We anticipate that the people of St. Nick’s will have many questions about this. The following Questions and Answers are our attempt to anticipate as many of these as possible:

Q.    Why call this a transition. Why not just say that Fr. Ken is leaving us?
A.     Because by openly giving us a time frame of up to two years Fr. Ken is giving us the gift of continuity and the freedom to discern our future and our next ordained leader in the context of a smooth transition rather than an abrupt departure.
Q.    Why does Fr. Ken have to go? Why can’t he stay?  
A.     When we started St. Nick’s 20 years ago and someone asked how long he would stay, Ken said, “As long as I’m called: no more, no less.” Since then, he has taught us that each of us has a call and each of us must listen for and follow it. It is a cornerstone of life at St. Nick’s. Having listened and heard a new call, he could set us no better example than to make plans to follow it. It’s hard when a founding pastor is called away, because it feels like the person who assisted in our birthing is leaving us to our own devices. Yet as any parent knows, truly loving one’s children ultimately means giving them the freedom and independence to grow into the mature adulthood God has planned for them. There will be a cost to Ken’s ultimate departure but great promise, too. And our first task as a parish will be to discern how our own call will shift and grow.Q.    What specifically will be different in Fr. Ken’s work with us starting in January 2016? What will be his focus, responsibilities, and typical workweek?
A.     As part-time Rector, Fr. Ken’s focus will be strategic leadership. He will continue to help us in our transition from Pastoral- to Program-size. And while he won’t take part in the search for the next Rector, he will be a non-anxious presence for us as we move through the process. He will provide guidance in our capital campaign discernment, celebrate and preach at Sunday services, baptize and bury, and provide for our urgent pastoral care. The difference is he will manage his ministry within a 24-hour week, rather than 40 hours: 4-8 hours on Sundays, 16-20 hours over the remainder of the week.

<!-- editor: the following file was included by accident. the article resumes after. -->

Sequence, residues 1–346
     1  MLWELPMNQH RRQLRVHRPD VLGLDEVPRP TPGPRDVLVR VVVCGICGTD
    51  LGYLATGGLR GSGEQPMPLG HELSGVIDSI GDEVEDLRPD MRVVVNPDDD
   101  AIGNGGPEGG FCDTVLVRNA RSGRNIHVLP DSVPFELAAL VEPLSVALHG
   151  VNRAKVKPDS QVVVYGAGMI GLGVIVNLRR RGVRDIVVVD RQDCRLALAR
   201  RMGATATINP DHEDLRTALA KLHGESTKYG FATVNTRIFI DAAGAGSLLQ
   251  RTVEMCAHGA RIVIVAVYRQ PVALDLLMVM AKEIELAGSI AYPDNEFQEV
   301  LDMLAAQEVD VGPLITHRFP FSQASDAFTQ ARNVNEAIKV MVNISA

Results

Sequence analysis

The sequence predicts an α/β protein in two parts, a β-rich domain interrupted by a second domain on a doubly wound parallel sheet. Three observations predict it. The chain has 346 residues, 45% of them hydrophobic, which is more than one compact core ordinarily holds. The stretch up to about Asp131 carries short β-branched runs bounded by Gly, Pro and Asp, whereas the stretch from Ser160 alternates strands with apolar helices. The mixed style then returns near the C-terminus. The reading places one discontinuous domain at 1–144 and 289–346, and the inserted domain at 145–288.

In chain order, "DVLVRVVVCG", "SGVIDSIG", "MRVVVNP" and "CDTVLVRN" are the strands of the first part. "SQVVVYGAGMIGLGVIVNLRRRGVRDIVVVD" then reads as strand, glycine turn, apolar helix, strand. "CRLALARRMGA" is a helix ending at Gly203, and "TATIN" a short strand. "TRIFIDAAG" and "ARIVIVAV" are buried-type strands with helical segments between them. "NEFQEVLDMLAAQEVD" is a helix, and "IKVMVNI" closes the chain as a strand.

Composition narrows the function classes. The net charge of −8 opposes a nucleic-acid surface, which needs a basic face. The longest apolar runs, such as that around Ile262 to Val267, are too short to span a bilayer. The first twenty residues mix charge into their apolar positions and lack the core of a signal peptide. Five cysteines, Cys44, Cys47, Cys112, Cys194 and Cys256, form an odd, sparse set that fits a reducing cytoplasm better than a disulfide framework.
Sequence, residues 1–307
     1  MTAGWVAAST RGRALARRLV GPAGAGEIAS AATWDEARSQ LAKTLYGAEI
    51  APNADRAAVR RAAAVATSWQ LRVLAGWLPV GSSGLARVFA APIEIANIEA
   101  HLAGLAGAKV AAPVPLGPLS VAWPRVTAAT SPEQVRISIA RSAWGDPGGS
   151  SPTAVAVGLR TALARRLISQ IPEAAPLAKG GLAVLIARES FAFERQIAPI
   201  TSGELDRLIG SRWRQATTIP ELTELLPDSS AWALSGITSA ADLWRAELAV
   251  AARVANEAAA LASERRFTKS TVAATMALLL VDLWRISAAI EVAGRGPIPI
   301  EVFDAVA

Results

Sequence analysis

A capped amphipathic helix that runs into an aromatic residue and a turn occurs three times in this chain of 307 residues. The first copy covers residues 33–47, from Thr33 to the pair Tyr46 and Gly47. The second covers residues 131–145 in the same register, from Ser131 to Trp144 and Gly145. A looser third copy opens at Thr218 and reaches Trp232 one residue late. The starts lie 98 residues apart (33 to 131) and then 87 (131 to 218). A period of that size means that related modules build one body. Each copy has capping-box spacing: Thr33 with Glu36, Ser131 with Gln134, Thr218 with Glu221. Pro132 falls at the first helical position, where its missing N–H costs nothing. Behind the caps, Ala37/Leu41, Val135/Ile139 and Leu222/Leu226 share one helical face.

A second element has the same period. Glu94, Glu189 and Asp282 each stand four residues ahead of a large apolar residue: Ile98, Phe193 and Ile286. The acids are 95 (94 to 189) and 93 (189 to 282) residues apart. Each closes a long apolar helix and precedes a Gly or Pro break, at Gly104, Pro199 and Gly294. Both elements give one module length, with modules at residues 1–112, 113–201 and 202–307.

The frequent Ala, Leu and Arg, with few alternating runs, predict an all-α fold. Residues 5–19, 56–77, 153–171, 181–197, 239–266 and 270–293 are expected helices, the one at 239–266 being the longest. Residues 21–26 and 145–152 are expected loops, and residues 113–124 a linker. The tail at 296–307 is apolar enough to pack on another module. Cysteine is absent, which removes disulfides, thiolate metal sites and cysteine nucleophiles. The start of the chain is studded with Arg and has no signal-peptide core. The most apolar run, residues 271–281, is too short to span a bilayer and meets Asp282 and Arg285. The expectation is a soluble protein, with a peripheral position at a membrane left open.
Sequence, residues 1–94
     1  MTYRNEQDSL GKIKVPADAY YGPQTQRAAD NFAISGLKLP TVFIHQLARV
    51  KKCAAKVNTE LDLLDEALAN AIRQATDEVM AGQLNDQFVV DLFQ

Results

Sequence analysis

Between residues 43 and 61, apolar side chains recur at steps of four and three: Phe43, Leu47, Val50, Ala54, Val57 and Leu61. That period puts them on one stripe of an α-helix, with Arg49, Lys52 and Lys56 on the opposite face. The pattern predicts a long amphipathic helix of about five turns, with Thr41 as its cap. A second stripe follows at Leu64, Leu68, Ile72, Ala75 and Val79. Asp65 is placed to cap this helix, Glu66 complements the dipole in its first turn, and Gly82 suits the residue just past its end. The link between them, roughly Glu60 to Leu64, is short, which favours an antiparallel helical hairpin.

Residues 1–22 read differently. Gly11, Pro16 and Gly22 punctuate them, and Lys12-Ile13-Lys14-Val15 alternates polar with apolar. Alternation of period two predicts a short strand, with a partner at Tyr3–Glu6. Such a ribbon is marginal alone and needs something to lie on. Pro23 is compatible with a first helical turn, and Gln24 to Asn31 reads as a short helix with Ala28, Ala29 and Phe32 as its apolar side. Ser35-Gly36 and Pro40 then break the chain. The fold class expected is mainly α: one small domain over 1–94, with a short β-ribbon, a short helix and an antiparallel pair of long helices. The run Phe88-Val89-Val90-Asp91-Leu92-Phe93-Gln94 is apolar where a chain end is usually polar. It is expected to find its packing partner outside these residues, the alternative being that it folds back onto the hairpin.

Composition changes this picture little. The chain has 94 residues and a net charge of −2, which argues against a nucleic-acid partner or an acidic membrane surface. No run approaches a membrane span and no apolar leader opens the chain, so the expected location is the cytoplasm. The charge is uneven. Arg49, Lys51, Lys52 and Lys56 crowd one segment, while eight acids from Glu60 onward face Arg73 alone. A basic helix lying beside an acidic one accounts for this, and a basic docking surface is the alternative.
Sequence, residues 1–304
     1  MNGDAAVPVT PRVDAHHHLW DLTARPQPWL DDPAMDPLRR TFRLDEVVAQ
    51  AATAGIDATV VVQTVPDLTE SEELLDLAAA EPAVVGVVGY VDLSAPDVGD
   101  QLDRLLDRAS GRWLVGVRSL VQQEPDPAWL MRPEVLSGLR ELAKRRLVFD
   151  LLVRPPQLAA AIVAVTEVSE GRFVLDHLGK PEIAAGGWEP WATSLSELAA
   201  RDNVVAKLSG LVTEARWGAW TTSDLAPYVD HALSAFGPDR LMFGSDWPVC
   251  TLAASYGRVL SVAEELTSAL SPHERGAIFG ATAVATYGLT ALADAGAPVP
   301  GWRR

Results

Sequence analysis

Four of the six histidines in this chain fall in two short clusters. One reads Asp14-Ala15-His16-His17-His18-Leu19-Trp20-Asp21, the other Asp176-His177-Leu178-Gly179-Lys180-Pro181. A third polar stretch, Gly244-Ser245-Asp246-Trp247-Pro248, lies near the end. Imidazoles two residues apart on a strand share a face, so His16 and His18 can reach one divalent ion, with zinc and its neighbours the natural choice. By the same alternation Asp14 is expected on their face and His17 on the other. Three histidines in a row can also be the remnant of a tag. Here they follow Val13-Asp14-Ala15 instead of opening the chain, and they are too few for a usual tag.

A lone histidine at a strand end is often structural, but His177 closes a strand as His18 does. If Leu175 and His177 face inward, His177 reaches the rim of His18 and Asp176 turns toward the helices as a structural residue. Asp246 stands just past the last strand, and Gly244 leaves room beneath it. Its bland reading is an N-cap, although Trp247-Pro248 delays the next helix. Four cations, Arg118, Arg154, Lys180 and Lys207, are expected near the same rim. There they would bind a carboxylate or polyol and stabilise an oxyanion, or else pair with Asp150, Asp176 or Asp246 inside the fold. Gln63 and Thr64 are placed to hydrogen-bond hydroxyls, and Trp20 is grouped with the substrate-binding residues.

Q.    What are our goals in calling a full-time Priest Associate in January 2016? What will be her/his focus? What should we expect from that priest? 
A.     In addition to providing continuity beyond the call of our next Rector, we have several goals in calling a Priest Associate: Taking over many daily administrative tasks to lighten Fr. Ken’s load in that area. Covering more non-urgent pastoral care, to free him for more focus on critical pastoral needs. Continuing to guide the development and expansion our children and youth programs.

Q.    What are Mo. Shivaun’s plans?  She is expecting a third child in January. Will she be returning after her maternity leave?
A.     After much prayerful consideration, Mo. Shivaun has decided that she won’t return to a paid position at St. Nick’s. While she loves St. Nick’s and has learned a lot in her time with us, 3 kids are lot to juggle, and she has decided that raising them is her primary calling for now. She will be available for preaching, celebrating, and providing consultation, as needed. But because her primary calling for the next several years will be raising her children, she will not be a regular member or our staff or congregation.

Q.    Can we afford to pay a full-time Priest Associate and a part-time Rector?
A.     Yes. Here’s how the math works. 2/5 of Fr. Ken’s compensation, combined with all the compensation expenses we save from Shivaun’s answering the call to full-time parenthood, equals the amount of compensation necessary to pay a first- or second-year priest full time.

Q.    Who will be in charge once Fr. Ken moves to 24 hours a week status?
A.     Fr. Ken will still be the ordained leader of St. Nick’s, chair of the Vestry, and supervisor of all staff, including the Priest Associate. The only difference is that Fr. Ken will delegate much of the daily administrative management to the Priest Associate.

Q.    Will the Priest Associate Fr. Ken appoints in January 2016 become the new Rector when Ken leaves?
A.     There is no assumption that the Priest Associate will automatically become Rector when Fr. Ken leaves. On the other hand, she or he may apply for the position on the same basis as a priest from outside.

Q.    How will we search for and choose a new rector? 
A.     The process we will follow to search for a choose a new rector is an emerging process called, search-in-place – that is, a search for a new rector when the current one is still in place. The process can take about two years to complete, and is similar to the traditional approach to rector search in many ways, except for the fact that it is conducted while the incumbent rector is still in place.  This allows us to avoid the sharp break that occurs with the traditional process. The steps include: